We go on to read in Ephesians 4:2 that we are to “with patience” show “tolerance” or be “longsuffering” toward. Each of these words grasps some element of the meaning and all point to the fact that things won’t always go smoothly. I know this is not a news flash for us. We’ve all figured it out by now. Even the most loving of people are going to have those moments when they have to make a choice about how they are going to respond to a wrong suffered or a desire squelched. Tolerance is a much misused word in our society where it has come to incorporate not only putting up with something not going or being as we desire, but also embracing it. The problem here is that it is used to include even those things which fly in the face of what God’s word declares to be right and true, and I think for that reason many people are steering away from the word. But the truth is that even within the framework of people who are seeking after God, hiding His word daily in their hearts, and trusting Him to direct their steps there are going to be missteps and stumbling. There are going to be times when we sin or hurt each other and need to deal with it. There are going to be areas of disagreement within the church about music and colors of carpet. There are varying views on how a ministry should be run, and there are even varying understandings of what God intends in portions of His Word. All of these things can be used as fuel for division, but Paul encourages us to patiently stand firm with each other as we walk right before God and one another in the power of the Spirit allowing Him to sort these things out. It is in this that patience shows itself to be powerful, knowing that not everything is resolved on the spot. It is in this that longsuffering proves unifying as we stand with each other as we endure that which is not right with the hope that it turns out right before God. And it is here that we tolerate one another knowing that what God began in each of us He will indeed complete as we build up and encourage one another in Him and entrust ourselves to the work of His Spirit.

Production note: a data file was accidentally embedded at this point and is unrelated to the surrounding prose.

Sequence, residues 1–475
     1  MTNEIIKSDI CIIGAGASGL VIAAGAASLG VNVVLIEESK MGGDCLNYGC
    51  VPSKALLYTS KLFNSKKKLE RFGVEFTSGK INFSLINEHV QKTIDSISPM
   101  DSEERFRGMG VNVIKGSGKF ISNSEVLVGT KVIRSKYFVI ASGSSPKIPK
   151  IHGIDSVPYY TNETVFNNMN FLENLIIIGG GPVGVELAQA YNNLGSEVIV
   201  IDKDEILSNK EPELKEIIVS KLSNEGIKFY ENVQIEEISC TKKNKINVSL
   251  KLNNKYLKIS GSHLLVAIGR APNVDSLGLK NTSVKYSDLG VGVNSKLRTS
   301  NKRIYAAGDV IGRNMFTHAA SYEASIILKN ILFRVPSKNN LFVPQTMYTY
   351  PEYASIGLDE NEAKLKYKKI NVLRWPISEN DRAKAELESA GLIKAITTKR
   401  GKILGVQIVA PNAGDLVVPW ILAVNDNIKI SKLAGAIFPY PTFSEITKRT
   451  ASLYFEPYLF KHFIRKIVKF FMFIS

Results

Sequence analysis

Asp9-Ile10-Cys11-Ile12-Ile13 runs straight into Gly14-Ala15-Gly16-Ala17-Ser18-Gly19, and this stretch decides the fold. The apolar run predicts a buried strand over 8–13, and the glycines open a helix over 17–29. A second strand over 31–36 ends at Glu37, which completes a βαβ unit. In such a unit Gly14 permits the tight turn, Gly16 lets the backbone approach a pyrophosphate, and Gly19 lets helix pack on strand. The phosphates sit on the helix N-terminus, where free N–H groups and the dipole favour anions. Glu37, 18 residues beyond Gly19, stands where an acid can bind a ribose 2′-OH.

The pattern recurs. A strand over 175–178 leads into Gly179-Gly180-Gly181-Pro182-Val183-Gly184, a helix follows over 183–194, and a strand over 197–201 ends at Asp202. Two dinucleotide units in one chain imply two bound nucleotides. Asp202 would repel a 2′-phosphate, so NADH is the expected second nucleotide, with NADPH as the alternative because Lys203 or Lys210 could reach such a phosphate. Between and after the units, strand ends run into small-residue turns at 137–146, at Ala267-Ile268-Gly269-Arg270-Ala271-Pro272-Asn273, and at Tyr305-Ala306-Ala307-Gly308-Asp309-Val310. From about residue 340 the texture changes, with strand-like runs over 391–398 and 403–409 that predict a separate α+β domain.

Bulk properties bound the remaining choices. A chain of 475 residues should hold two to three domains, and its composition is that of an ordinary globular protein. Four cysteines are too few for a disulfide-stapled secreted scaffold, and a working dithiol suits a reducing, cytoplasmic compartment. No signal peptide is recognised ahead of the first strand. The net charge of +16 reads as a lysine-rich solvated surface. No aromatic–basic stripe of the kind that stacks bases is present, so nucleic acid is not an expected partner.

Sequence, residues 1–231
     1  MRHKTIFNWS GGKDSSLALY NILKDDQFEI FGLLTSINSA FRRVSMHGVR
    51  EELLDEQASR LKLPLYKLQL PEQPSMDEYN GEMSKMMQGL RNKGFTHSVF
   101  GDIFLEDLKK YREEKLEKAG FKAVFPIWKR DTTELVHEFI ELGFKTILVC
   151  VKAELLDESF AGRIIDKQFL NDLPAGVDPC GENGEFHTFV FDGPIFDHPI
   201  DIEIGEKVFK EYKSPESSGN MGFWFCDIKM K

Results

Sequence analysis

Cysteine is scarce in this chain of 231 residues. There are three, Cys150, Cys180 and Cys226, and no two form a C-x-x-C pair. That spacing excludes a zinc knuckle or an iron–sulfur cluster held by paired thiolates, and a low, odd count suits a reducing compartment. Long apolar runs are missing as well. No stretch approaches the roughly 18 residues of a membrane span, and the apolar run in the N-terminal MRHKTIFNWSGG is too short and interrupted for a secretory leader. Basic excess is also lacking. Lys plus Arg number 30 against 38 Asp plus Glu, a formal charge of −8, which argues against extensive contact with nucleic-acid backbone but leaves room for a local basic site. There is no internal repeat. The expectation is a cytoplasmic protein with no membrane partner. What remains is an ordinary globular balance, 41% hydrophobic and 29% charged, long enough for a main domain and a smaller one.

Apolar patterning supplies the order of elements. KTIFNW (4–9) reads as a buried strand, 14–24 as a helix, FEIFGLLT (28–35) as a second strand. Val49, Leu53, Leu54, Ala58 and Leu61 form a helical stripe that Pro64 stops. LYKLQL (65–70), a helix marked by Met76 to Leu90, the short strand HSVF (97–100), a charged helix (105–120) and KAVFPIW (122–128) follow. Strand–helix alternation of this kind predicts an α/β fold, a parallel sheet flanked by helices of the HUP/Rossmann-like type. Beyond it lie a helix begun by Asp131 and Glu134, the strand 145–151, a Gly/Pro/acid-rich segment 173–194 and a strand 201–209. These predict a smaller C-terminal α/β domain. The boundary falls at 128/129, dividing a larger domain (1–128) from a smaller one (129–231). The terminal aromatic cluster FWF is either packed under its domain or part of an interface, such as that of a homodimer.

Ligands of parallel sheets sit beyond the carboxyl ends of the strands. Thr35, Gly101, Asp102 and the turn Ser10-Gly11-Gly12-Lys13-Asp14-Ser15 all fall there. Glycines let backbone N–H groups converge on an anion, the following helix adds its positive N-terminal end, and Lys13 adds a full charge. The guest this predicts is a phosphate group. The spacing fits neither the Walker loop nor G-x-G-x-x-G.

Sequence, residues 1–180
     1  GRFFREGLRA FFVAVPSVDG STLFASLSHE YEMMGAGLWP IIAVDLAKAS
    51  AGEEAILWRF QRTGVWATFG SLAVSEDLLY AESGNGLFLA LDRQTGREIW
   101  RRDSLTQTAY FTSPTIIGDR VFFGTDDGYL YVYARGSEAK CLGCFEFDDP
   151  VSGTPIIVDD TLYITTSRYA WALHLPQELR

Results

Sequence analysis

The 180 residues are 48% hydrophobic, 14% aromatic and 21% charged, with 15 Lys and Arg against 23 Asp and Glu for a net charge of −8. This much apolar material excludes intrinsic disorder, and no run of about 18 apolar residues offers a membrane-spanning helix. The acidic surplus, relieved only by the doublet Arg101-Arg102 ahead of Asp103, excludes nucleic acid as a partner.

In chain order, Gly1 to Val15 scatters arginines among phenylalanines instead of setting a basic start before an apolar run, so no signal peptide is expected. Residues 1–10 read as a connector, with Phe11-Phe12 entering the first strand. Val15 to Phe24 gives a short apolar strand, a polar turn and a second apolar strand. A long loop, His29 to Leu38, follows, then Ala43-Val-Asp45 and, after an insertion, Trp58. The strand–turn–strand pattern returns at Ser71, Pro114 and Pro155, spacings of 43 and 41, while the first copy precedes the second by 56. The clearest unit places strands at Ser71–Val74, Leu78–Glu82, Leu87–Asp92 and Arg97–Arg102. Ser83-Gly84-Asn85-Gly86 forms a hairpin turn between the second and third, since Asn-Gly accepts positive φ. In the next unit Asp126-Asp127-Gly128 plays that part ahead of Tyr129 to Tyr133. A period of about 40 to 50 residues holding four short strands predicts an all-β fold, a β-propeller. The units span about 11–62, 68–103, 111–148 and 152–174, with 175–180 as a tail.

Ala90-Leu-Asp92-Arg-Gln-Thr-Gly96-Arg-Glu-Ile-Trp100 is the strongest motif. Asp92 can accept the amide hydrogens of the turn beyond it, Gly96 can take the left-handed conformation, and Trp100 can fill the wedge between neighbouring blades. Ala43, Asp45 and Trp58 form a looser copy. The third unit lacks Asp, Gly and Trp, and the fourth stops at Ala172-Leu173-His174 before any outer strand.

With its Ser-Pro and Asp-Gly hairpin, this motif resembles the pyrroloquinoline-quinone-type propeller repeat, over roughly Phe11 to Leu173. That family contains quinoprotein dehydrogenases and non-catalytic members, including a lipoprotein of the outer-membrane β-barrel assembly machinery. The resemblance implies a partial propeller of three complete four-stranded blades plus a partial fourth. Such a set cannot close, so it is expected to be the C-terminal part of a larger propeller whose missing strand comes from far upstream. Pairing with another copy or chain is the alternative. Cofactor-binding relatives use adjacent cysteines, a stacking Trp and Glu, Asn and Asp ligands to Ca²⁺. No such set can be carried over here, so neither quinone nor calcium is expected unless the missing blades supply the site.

We are told to love one another. All of the things above and so much more is tangible evidence of our love. People who love each other demonstrate that love in how they are toward one another. And our love is to be more than an outward act, but an outflowing of God’s working in us. When we sense ill feelings rising up or are tempted to respond harshly things it is a good sign that maybe it is time to stop and look to God first. Going back to James 1:19 where we read that everyone is to be quick to hear, slow to speak, and slow to anger, I am reminded of the greater context of James chapter 1 which is really looking to God. When these things pop up and I am tempted to respond inappropriately according to whom I am in Christ the best thing to do is to first stop and look to God, listening to Him, and seeking His way of moving forward. Then in accord with the things He has shown me in His Word and spoken to my heart I can then respond in the Spirit led way knowing that first it reins in my own temper and secondly also leads to peace with others thus preserving the unity of the Spirit in which we are knit together in the bond of peace.